Life or death spelling bee.
Artistic puzzle platforming games are kind of a dime a dozen nowadays. They have really been in the indie scene for a good while now, and I honestly have grown tired of them. While I will still give any game a shot, I decided to go into Typoman with a better outlook. While it does hit every cue that a game in this kind of genre has, Typoman has a rather unique mechanic that I haven’t seen used before.
Typoman is a puzzle platformer where players will navigate a bleak world with a little stick figure character made up of letters that cleverly spell “Hero.” Get used to seeing letters everywhere because the game revolves around environments made up of letters of all shapes and sizes as well as a spelling mechanic that falls into the puzzle aspects of the game.
Platforms: Wii U
Price I’d pay: $10
Players must find letters in the environment, move them around by pushing, pulling, or throwing them, and spell out different words that will affect the environment. So, spelling “On” will turn a machine on that will raise and lower a platform, things like that. When getting used to that, the players will then begin to find more complex puzzles that can take some time to figure out. Luckily, there is a very good hint system that has two tiers. The first time it is used, it’s just a hint, usually a phrase of some sort, the second time it’s used, the actual word needed will appear in the phrase. This helped out immensely in the later puzzles. I’m not shy when it comes to admitting defeat.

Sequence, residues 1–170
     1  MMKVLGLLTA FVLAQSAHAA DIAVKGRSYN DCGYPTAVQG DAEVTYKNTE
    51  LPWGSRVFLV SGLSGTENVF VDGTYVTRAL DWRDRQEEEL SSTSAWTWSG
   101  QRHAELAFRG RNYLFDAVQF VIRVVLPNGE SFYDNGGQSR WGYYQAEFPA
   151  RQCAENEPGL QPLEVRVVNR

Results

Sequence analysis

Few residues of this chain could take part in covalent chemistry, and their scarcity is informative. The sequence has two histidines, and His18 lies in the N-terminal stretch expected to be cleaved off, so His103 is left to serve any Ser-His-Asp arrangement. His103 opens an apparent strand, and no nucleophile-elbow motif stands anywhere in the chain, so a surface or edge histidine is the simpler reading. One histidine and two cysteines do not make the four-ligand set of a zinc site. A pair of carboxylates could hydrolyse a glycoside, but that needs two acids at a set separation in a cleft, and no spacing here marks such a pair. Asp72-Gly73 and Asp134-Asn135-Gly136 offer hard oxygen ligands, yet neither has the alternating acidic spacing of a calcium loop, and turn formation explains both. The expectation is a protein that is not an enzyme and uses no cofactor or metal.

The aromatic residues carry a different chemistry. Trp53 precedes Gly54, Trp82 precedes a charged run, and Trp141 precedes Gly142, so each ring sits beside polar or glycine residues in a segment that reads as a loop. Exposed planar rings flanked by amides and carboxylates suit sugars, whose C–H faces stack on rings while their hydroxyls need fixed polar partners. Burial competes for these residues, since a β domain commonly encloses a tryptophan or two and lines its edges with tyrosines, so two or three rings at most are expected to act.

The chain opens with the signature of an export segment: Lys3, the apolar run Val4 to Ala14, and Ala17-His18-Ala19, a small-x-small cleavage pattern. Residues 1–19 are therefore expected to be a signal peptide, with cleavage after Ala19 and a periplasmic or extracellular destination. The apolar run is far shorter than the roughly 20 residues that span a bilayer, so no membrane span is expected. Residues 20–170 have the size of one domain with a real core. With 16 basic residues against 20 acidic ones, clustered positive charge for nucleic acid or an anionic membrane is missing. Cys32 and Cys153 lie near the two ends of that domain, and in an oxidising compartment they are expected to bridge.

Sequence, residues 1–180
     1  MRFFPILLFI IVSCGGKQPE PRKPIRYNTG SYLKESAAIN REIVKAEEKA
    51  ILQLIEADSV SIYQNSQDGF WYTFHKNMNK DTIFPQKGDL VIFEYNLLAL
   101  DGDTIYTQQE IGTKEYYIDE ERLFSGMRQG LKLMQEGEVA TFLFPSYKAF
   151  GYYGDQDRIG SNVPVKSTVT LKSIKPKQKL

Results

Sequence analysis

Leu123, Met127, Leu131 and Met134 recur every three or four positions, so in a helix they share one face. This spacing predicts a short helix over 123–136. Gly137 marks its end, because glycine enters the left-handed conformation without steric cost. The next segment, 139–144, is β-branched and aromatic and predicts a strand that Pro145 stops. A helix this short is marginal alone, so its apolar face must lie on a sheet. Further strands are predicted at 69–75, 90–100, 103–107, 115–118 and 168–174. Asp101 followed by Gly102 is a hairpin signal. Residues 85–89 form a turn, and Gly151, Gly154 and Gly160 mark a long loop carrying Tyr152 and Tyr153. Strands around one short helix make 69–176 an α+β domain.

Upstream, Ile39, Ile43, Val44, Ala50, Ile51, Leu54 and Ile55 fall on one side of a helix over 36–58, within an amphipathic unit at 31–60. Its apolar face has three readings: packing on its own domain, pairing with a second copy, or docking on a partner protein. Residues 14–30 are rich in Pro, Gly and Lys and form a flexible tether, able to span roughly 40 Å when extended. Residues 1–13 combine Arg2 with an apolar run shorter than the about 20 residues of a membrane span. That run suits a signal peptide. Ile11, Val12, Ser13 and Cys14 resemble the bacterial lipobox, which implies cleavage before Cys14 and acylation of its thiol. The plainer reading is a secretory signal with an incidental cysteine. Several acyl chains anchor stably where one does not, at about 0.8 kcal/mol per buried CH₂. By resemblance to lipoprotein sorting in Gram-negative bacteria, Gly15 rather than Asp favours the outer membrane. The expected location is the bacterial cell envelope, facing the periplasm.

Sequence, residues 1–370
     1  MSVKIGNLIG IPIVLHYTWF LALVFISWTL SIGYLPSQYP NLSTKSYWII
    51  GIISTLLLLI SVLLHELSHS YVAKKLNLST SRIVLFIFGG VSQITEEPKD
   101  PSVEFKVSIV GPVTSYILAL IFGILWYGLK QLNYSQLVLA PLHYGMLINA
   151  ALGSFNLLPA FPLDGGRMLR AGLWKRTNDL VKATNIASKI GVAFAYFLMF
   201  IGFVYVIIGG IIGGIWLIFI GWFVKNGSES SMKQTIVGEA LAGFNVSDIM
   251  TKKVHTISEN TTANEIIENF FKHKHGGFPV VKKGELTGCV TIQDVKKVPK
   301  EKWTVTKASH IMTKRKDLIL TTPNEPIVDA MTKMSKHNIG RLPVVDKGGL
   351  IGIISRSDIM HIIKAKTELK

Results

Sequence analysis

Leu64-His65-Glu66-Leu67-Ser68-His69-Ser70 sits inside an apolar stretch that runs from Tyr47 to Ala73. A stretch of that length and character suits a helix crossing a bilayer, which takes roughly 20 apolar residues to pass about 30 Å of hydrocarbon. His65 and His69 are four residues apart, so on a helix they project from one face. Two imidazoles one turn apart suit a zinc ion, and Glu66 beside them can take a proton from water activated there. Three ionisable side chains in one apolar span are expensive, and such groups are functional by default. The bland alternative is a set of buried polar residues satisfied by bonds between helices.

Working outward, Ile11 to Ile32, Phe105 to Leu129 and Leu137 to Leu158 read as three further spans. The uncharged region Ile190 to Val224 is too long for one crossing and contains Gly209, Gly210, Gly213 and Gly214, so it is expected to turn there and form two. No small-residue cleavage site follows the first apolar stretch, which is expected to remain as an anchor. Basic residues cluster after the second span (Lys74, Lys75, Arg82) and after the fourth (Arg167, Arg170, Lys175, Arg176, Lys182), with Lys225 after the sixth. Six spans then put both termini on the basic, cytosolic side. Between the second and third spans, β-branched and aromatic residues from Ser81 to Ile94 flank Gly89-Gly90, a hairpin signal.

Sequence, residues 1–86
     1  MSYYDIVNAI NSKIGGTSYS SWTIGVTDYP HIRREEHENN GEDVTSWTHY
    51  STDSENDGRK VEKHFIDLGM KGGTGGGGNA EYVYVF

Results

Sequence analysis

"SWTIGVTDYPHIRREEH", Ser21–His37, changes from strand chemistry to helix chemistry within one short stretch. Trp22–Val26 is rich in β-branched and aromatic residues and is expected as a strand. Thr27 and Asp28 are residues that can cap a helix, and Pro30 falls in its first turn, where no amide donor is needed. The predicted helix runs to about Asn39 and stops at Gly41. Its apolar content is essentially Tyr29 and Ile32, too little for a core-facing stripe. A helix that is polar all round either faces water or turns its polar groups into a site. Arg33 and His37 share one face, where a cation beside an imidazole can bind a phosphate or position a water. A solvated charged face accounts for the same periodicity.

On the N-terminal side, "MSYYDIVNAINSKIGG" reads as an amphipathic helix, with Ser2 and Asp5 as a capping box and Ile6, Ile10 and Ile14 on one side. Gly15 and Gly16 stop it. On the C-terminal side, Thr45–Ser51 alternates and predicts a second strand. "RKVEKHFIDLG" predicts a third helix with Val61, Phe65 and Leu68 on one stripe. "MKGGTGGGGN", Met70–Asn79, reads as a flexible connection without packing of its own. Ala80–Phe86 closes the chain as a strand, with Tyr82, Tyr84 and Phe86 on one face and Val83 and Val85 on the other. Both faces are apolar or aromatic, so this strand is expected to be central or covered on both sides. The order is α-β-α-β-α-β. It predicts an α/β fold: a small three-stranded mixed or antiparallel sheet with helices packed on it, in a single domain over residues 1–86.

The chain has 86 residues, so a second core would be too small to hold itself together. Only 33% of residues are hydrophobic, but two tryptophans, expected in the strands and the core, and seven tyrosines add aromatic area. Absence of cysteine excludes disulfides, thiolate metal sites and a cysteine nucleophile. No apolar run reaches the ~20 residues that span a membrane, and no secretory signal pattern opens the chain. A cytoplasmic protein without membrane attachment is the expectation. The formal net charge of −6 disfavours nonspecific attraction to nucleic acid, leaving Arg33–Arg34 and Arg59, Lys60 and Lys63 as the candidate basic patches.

The platforming is where to get takes a bit of a turn for me. There were times where the jumping was just too off and I ended up getting the timing wrong or there were spots where both accuracy and a time limit resulted in me dying and having to retry. Granted, the checkpoints are well done and never punishing, but I really wish the controls and platforming were better, especially when I was asked to do something quickly.
When not wanting to physically pick up and move the letters around on certain parts, I could actually look down at my gamepad and if the letters were close enough to each other, use the gamepad to move the letters around to spell out the word. This was helpful because the character can’t actually move when lifting a letter so to get a word out faster, I could just use the gamepad and move on.
While it uses a very interesting mechanic, I feel that Typoman relies far too much on trial and error gameplay. Not with the actual words, but with the platfroming and even some of the unknown traps scattered throughout the world. The checkpoints do help out, but after about the third or fourth try, I was ready to just get the pattern down and go to the next word puzzle. Those were what really made the game shine.
I did really enjoy the look of it all. Sure, we’ve all seen the black, white, and gray 2D backgrounds before, but for some reason, it really works here. That mixed with the ambient music really sets the tone of the overall experience.
Typoman is another interesting little game on the Wii U. It has its moments of brilliance, and I have to commend the game for its hint system and checkpoints. While a bit on the difficult side, there was still some decent fun to be had. I only wish the platforming and controls were better implemented. This is one to at least look out for on the Wii U. Just keep in mind, there is some trial and error that has to be played through to get to the good bits.
Review copy of game provided by publisher.